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Two Children, Two Countries, One Will

What about a probate case where the deceased was a French citizen living in the United States for tax reasons who left a California will bequeathing his French property to his fourth wife? Now add this – that will disinherited his two children from his first wife, a violation of French law, and the estate is valued at around $100 million.

This is the estate, and current open probate case, of Johnny Hallyday, the ‘Elvis Presley of France.’ Unless you’re French, you can be excused for never having heard of him. He sold very few albums outside of France. Inside France, he sold 110 million records, was seen live by an estimated 28 million fans, went gold 40 times and platinum 22 times.

When he died of lung cancer in December at age 76, President Marcon called him a national hero, hundreds of thousands attended his funeral parade route, it was a national day of mourning.

He was an idol. When the terms of his will were revealed to the people of France, the country exploded. He left everything to his fourth wife, who was 21 when he married her twenty-one years ago. Everything here means everything, all property and all the rights to his music, still popular today and still earning money. He gave nothing to his two children.

Okay, you say, we’ve written about this very scenario before, several times in fact. True, here’s the difference – in France it is against the law to disinherit a child. It has been the law since 1789, it was one of the first laws passed after the overthrow of Louis XVI. It is a treasured piece of law and Hallyday’s failure to follow it create a minor stir. Minor, at first, because it is custom, and expected, that in a situation like this a wife will direct a good sized portion of the inheritance to the children.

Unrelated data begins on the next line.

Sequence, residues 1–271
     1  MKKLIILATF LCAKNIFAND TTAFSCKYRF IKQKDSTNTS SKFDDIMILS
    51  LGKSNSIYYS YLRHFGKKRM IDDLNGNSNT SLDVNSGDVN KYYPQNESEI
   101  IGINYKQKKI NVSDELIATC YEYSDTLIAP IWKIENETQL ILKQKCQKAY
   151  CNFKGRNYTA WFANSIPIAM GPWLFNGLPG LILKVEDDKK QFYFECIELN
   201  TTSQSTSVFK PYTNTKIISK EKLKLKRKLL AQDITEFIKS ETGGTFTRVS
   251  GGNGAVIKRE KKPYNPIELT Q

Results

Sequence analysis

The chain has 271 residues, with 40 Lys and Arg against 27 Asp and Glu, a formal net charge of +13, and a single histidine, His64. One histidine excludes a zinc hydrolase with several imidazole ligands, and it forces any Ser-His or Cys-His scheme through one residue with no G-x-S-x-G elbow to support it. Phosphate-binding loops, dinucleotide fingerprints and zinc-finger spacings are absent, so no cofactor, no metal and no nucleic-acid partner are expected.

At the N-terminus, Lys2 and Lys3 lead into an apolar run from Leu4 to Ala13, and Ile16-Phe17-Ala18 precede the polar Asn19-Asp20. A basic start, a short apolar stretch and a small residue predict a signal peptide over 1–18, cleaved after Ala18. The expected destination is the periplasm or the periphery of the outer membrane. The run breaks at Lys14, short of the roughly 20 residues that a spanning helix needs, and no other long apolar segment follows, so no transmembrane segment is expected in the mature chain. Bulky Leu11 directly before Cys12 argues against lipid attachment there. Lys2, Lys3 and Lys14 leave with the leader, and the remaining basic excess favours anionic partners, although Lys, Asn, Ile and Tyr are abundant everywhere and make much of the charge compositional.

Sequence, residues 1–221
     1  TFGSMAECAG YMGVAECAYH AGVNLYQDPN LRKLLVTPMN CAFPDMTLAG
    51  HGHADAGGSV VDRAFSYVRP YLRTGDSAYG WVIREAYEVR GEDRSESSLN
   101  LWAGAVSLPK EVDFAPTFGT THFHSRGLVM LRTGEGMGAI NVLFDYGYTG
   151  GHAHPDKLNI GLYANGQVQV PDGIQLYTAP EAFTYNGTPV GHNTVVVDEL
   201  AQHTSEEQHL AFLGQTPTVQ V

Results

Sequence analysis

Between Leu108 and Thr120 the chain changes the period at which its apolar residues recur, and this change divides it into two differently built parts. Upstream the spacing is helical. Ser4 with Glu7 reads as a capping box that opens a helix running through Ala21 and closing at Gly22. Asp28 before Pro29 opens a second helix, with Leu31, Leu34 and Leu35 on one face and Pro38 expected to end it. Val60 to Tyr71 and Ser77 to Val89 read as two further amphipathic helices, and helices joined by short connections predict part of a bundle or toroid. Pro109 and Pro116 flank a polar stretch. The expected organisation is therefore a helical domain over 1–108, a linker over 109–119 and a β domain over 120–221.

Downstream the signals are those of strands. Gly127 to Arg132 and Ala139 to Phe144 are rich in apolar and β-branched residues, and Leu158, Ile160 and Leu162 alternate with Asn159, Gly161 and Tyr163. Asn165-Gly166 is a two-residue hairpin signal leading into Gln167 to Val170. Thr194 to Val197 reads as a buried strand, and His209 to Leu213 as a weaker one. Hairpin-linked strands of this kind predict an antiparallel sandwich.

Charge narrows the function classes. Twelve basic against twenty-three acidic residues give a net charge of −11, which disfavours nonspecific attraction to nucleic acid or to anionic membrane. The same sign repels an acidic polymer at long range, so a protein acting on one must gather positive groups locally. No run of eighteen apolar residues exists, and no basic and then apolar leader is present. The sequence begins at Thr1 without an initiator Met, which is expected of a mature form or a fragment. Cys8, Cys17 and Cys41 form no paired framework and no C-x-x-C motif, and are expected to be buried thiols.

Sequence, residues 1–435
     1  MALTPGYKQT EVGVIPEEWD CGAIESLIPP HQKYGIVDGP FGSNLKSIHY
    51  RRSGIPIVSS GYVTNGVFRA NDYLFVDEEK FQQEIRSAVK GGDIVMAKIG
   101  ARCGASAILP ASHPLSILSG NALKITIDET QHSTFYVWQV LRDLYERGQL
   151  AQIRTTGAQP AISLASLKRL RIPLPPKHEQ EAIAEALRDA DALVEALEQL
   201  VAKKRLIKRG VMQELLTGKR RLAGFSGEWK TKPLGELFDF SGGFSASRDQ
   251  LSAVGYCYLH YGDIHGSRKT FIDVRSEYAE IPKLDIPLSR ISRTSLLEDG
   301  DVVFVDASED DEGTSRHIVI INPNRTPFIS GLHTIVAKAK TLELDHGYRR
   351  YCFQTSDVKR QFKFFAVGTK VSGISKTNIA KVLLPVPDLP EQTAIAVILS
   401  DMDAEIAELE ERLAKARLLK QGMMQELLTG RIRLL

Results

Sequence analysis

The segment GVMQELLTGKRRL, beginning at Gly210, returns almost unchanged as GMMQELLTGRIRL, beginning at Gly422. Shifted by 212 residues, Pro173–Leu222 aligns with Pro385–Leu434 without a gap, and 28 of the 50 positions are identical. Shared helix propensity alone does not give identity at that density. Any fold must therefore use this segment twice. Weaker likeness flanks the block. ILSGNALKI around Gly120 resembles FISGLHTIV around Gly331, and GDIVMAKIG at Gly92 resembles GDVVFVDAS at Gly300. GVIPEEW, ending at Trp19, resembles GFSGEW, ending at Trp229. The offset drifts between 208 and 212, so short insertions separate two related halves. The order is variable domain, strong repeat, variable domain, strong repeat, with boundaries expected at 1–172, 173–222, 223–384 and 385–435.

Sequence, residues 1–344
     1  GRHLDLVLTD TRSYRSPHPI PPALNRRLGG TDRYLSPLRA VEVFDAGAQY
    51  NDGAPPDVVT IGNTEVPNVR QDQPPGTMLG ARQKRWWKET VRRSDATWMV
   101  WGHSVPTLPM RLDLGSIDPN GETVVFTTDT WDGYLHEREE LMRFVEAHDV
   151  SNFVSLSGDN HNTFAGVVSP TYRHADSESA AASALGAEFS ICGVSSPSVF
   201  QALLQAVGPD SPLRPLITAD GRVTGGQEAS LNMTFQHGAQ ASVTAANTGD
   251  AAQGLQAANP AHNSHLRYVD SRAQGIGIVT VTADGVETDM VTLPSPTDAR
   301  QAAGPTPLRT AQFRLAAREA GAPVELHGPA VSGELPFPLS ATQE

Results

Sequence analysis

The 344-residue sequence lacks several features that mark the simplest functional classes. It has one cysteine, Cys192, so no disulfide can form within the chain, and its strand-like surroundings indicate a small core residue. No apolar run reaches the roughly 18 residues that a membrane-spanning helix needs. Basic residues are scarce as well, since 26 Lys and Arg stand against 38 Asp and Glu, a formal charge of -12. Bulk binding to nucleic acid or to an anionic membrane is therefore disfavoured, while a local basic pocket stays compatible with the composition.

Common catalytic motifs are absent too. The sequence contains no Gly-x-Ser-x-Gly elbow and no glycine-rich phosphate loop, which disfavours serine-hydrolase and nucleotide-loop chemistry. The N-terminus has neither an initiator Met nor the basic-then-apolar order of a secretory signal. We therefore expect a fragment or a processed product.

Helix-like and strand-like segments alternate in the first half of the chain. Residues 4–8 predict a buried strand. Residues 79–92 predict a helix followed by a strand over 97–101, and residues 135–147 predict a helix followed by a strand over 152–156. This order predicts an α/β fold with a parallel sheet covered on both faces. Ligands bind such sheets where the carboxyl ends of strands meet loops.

The widow, in this case, has said she is not going to do that. The children are going to fight. The question is where and how.

The will is being probated in California, where it was drawn up in 2014. The will is fine under U.S. law, Hallyday also included a letter (witnessed) with the will explaining why he disinherited his children. However, he was a French citizen, almost all of the estate is in France, the will violates – ostentatiously – French law.

It will be fascinating to watch how this unfolds.

 

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About the author

Erik J. Broel
Founder & ceo

Erik founded the firm in 2009. He sees it as his personal mission to demystify the process of handling an estate or trust, and to help people by making the complex estate process simple and accessible. He believes there is always a better way to do things, and loves finding new and innovative ways to deliver better, more effective service that solves the client’s key problem or issue, and improves the client’s life.

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